I have saved the Plasma gunner for last. This model was particularly fun to work on, with a really dramatic pose full of energy. The cable broke off when I was removing the supports during cleanup, but it was an easy fix.

This unlucky peasant seems to have drawn Plasma duty. The brutal and simple design of the plasma gun gives it a unique look and fits the bill of being a simpler and easier pattern given to Feudal Guardsmen.
The plasma gun has a bespoke backpack just for this weapon, and it looks great. Getting the model to stand on one foot was a ‘fun’ challenge.
Something the fully plate-armoured soldiers lack is visible faces, something these helmets allow. They have some great character, and add a lot to these models.

Now this was a project I really shouldn’t have started. I have loads of projects on the go, but being stuck at home combined with my hobby ADHD means I couldn’t resist. I needed to use the resin in the vat of my printer as well, so while these models didn’t use much resin at least it helped keep it ‘ready’ for other prints. I have had resin go unusable on me before, so I try to print at the very minimum of once a week.

These are cheap models to print, and now that I know the workflow I might print up a lot of them! I needed another regiment like I needed a hole in the head, but sometimes you just can’t resist the pull of a cool idea.

For now, I’ll print them 9 at a time and paint them as I go. That way I don’t have to stare down a pile of unpainted models, which can be discouraging. You’ll notice I said 9, not 10. That is because the Sergeants are going to be kitbashed from the rest of the Feudal Guard range and I have yet to purchase all the needed sets to do so. But lets take a peek at the plan for them!

I originally purchased this set to make my Feudal Guard, but had a rethink when I saw the Militia kit. I’m thinking of using the tabarded models at the bottom…
…Combined with the Sergeant upgrade kit. The Kettle Helms with feathers are what I am after. No capes!

I’m keen to see how these models paint up, and I will share progress of that when I do so!

Now, it would be remiss to say that Games Workshop hasn’t also finally thrown Guard players a bone or two officially. They have announced a new Cadian upgrade frame with plenty of heads, special weapons, and more importantly for me, a bolter for the Sergeant. Like many other Guard players I started with Cadian models and such a frame fills me with a little bit of glee as I think about overhauling my older models.

And that is without talking about the new Tanith models! I’m super excited for these new Ghost models, even though I own a full set of the old Metal Gaunts Ghosts.

Men of Tanith, do you want to empty your wallets?

All in all, a fun day of 40k flavoured printing! My Feudal Guard need a name and backstory, and I’ll be back with painted models and lore to boot! But until then, Happy Wargaming wherever you are, and Forwards! For the Emperor!

Road to Glazers Creek: Praetorians, Full Steam Ahead!

“A prayer’s as good as bayonet on a day like this.”

“Still, a chap ought to look smart in front of the men, don’t you think?”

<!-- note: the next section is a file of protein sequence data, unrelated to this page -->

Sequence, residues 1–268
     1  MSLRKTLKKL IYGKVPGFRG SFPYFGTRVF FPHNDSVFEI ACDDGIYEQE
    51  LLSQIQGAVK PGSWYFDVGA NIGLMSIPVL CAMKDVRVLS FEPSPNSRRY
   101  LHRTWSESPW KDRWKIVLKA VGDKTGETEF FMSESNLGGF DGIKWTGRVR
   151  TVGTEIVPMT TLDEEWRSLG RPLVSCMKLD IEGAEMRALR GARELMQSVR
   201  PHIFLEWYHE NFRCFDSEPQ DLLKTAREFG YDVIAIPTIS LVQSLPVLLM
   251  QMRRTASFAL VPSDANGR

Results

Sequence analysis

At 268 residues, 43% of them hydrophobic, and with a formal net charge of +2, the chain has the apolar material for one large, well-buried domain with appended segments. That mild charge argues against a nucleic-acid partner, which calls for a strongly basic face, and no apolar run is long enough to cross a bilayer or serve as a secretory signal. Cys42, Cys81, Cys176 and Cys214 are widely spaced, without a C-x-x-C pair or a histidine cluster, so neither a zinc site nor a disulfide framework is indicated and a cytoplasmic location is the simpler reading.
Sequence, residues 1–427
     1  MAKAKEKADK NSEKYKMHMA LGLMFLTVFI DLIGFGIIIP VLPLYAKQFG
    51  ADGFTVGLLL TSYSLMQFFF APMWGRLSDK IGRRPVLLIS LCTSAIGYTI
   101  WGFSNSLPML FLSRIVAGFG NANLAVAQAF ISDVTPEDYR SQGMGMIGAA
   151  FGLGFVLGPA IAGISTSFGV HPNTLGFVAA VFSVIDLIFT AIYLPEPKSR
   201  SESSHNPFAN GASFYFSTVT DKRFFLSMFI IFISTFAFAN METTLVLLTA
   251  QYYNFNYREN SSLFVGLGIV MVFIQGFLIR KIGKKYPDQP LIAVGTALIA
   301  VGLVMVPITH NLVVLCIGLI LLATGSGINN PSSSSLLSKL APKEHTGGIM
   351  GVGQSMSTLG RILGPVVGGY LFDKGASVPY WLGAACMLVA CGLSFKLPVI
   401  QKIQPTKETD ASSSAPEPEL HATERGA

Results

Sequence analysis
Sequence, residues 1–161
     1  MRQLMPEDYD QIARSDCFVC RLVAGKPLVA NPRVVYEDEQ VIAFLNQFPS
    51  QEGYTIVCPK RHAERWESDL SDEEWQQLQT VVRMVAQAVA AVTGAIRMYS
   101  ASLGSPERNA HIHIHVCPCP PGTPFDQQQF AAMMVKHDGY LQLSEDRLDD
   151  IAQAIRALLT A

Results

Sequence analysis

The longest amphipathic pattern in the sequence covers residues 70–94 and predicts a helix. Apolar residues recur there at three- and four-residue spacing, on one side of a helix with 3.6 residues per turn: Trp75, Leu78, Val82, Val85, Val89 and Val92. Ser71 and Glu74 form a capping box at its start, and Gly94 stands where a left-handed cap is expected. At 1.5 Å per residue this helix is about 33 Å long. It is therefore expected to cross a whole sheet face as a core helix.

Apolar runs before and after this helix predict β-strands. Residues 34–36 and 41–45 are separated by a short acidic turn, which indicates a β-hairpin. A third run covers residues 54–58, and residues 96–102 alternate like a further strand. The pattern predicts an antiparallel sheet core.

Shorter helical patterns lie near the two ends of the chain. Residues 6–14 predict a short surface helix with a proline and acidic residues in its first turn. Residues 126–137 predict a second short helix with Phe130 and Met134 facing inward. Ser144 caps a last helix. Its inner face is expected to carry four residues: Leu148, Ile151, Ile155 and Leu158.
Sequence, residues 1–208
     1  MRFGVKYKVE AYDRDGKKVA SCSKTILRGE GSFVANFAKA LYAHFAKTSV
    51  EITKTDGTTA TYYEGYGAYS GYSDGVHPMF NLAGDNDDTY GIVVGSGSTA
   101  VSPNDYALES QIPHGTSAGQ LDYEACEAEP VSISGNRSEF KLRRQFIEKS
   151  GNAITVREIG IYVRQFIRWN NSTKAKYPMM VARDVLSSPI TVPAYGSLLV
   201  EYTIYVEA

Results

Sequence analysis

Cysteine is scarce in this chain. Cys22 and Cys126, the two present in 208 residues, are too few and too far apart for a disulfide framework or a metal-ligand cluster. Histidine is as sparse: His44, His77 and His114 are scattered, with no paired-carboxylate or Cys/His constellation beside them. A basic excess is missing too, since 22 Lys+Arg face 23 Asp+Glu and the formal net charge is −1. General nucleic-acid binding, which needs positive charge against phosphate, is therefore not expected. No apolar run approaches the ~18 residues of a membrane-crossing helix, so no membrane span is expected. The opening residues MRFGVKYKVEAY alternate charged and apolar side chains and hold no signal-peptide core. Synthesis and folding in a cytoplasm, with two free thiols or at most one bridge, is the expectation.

Hello! It has been a while since I focused on my Praetorians, and a long time ago, I alluded to doing a Glazers Creek refight. Unfortunately, plans fell through at the time. I have made new plans for Glazers Creek, however, and for that I’ll need 25 Power Level of Imperial Guardsmen. And, what better regiment then the Praetorian XXIV!

Glazers Creek, if you don’t already know, is a fantastic scenario for Warhammer 40k featuring an Imperial Guard last stand against the vile Ork menace. Players must survive waves of Greenskins, and if even one Guard model remains at the end, the Imperial player wins! It was originally fought in 2nd Edition Warhammer 40k, but saw a new scenario update in 2018, and is a tremendous amount of narrative fun. Of course, this last stand is inspired by the epic 1964 Film Zulu, and the original scenario wore this inspiration on its sleeve.

Zulu (1964) - (Drama, History, War) [Stanley Baker, Jack Hawkins, Ulla  Jacobsson] [Feature] - video Dailymotion
“Men of Harlech, stop your dreaming, can’t you see their spearpoints gleaming…”

To tease you a little, allow me to elaborate on the refight. It will either be the classic Orks, or altered to feature the Tyranid menace. Unlike GW’s rendition of the fight, I will be splitting the command with another Guard player. This is to represent a Bromhead and Chard scenario, just like Zulu! Both Imperial players will have side objectives, and while surviving is the key, they will have differing goals, and that may cause tension, especially as you can’t tell the other player what that goal is!

Now to do this battle the justice it deserves, I need to get my Praetorian Guard painted. I have made another post detailing the history behind that regiment, and I won’t go for length here, but suffice to say they wear spiffy redcoats and gleaming pith helmets! They are, really, just head-swapped Mordian Iron Guard, but they have gained a life of their own on the internet. I have acquired, slowly and expensively, over the last few years almost a company’s worth of them.

I did a few test models, but this is the real deal now. I was inspired by the blog https://thelostandthedamned.wordpress.com and Subedai’s amazing Praetorian paint scheme. While I could not hope to match the crispness and amazing brush work, I did steal wholesale the paint scheme. Lets have a look at my first completed unit, a Command Squad led by Major Cushing!